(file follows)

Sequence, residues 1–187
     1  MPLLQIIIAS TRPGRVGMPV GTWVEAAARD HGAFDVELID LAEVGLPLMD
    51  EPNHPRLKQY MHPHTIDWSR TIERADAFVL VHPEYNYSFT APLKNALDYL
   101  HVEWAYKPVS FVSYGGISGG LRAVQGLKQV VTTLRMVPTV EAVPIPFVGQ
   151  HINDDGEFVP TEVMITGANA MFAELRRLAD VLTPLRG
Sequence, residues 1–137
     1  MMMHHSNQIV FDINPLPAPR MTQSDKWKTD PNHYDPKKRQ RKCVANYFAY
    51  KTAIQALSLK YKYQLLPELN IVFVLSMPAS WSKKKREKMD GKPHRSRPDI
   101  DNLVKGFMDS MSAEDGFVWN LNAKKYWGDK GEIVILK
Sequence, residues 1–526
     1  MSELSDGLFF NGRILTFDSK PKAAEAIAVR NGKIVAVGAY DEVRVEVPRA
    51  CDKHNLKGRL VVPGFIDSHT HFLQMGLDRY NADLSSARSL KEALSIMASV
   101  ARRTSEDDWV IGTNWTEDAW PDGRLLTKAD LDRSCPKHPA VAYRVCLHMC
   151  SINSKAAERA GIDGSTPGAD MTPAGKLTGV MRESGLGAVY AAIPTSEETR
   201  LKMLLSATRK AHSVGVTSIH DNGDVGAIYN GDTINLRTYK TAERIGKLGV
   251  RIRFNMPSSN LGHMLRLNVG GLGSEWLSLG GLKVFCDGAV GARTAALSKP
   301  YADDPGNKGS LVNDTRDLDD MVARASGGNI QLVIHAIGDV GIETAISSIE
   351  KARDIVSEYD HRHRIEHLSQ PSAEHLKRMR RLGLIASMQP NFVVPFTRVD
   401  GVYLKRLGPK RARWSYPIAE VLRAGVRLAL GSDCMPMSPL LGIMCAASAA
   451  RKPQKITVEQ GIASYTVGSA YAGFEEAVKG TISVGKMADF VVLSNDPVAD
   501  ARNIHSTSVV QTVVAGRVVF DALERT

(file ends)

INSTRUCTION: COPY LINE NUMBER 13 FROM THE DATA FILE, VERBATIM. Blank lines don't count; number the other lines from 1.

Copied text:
   101  ARRTSEDDWV IGTNWTEDAW PDGRLLTKAD LDRSCPKHPA VAYRVCLHMC